Baud says:

    @Keith G:

    I rarely get out of the boat. It’s scary out there.

  53. 53
    AxelFoley says:

    Ok, since no one else will say it, I will–DROOONNNNEZ

  54. 54
    burnspbesq says:

    @SatanicPanic:

    How do you know Romney wouldn’t have done the same thing, huh? huh?

    Even on Tuesday, you have to do better than that to get a chuckle out of people.

  55. 55
    Baud says:

    @AxelFoley:

    We will NOT tolerate that sort of pre-Snowden thinking on this blog, young man.

  56. 56
    Ash Can says:

    @Baud: Yeah, but my dark side wonders what would happen if Rush Limbaugh swallowed his cigar butt on air, or if Wayne LaPierre shot his dick off in a “gun-cleaning” accident, or if Fox “News” were shut down as part of a racketeering investigation of Roger Ailes — as opposed to imagining scenarios of this beleaguered nation getting pushed off a cliff.

  57. 57
    Ash Can says:

    @Baud: Also too, thanks for the info.

  58. 58
    Baud says:

    @Tommy:

    They sure don’t sound like hard-core Republicans.

    @Kay:

    Glad to hear competent people are in finally in charge.

  59. 59
    Kay says:

    @Baud:

    A lot of them are actually big companies. That’s the difference that the SCOTUS (liberal members) wanted to recognize, but the plain language of the rule made it difficult. I actually think there’s two reasons for the delay. One is Medicaid (a lot of the companies bill Medicaid) and the other is the health care law, which has some provisions that make it easier for people to stay out of nursing homes but get sufficient care at home, paid for by Medicaid. I think they want to wrap all this together.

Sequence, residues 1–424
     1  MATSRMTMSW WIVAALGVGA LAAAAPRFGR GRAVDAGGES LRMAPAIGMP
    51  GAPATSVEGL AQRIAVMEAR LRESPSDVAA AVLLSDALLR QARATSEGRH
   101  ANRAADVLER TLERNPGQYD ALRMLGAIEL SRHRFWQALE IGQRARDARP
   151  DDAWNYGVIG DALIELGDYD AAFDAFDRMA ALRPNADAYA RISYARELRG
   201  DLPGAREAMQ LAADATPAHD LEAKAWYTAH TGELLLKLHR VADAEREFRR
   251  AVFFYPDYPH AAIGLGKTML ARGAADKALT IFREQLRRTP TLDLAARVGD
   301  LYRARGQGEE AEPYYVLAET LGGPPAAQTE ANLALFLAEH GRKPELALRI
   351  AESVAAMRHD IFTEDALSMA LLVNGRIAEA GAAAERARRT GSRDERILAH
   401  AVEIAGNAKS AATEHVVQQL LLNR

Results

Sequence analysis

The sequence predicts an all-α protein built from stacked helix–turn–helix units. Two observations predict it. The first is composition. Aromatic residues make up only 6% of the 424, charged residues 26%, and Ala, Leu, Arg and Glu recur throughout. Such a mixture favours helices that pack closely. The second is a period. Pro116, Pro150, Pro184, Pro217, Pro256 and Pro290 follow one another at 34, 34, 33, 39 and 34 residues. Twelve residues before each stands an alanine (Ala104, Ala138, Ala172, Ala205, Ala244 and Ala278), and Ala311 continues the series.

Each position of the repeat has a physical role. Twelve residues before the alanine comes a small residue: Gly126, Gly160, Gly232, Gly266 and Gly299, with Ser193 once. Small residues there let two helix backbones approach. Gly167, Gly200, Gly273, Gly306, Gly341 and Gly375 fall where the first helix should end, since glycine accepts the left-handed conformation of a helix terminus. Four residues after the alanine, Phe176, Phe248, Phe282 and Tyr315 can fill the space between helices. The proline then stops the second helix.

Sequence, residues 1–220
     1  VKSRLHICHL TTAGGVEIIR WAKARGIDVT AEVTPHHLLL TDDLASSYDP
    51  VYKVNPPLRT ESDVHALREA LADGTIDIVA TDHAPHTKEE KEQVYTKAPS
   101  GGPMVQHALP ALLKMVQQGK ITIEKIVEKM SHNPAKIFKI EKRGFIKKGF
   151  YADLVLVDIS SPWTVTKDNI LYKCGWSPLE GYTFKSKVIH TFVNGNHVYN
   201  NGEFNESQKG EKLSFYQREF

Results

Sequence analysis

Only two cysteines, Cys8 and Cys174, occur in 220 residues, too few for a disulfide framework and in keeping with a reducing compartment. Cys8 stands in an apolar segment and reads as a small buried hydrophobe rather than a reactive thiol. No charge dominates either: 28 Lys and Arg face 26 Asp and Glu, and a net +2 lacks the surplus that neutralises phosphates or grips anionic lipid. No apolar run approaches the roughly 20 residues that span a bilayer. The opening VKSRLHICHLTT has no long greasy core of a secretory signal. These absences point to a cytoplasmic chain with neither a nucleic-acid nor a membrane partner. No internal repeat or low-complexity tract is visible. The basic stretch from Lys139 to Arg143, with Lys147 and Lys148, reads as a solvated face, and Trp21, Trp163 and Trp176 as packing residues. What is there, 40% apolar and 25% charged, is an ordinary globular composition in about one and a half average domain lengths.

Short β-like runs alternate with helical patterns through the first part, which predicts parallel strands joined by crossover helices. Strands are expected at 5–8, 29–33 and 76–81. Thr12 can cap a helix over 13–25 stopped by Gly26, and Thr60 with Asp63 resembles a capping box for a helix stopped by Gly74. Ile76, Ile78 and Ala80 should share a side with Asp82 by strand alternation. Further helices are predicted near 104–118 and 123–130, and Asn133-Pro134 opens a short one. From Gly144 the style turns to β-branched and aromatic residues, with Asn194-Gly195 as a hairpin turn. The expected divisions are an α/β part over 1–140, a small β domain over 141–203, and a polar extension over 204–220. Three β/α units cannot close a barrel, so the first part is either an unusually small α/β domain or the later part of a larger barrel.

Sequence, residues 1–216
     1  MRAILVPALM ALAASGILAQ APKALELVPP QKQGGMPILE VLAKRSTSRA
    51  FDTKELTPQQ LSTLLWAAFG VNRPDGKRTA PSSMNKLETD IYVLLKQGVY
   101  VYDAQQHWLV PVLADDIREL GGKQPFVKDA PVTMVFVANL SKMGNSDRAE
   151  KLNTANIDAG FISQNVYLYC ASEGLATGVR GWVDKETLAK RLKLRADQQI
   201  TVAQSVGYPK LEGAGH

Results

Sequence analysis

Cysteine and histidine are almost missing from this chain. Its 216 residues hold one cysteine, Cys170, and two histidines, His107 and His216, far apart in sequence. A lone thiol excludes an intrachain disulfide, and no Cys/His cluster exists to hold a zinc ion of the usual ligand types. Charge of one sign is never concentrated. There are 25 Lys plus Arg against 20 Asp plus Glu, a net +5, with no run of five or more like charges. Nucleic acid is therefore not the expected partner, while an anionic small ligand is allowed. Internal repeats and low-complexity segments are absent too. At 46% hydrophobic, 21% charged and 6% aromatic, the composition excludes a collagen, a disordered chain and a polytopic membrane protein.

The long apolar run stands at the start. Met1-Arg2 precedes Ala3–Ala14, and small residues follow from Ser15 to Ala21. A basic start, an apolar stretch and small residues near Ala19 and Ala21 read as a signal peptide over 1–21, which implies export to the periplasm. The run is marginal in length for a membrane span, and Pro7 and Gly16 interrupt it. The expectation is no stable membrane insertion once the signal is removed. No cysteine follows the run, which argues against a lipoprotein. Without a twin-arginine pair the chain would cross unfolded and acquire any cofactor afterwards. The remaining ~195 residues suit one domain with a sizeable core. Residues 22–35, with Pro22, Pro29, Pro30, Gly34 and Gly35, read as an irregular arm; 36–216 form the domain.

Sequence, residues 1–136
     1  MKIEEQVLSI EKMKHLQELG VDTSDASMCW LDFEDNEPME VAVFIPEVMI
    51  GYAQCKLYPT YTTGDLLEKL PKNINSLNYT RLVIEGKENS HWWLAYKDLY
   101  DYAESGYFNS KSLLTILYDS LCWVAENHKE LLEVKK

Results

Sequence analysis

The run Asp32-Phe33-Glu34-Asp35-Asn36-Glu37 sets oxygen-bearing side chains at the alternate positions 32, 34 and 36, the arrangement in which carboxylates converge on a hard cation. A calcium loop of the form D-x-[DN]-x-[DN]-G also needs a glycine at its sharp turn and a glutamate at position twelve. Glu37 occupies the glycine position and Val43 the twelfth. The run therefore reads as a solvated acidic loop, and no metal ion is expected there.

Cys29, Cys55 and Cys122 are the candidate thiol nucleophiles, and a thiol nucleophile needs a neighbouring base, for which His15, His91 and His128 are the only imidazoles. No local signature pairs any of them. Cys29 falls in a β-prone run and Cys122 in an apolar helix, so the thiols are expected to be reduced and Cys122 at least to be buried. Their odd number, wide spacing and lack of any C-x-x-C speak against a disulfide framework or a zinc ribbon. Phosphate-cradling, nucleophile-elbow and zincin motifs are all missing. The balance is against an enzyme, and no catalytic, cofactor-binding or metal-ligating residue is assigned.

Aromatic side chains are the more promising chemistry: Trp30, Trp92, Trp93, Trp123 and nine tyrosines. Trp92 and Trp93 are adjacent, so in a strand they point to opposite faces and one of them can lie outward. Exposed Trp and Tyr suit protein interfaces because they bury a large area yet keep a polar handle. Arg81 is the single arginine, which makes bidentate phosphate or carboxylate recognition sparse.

Nursing homes are a huge business, so there will be push-back to expanding in-home care for people who don’t want to leave their home, but need a lot of care. In Ohio, the big nursing home companies are all GOP donors.

  60. 60
    burnspbesq says:

    @Joe Buck:

    Software and systems. This is not Gumdrop Mountain, where Magic Software and Systems Fairies do a year’s worth of updating and rewriting in 17 minutes and 11 seconds, never make mistakes, and bake delicious mocha brownies while they’re coding.

  61. 61
    Baud says:

    @Kay: @burnspbesq:

    Good points both.

  62. 62
    Tommy says: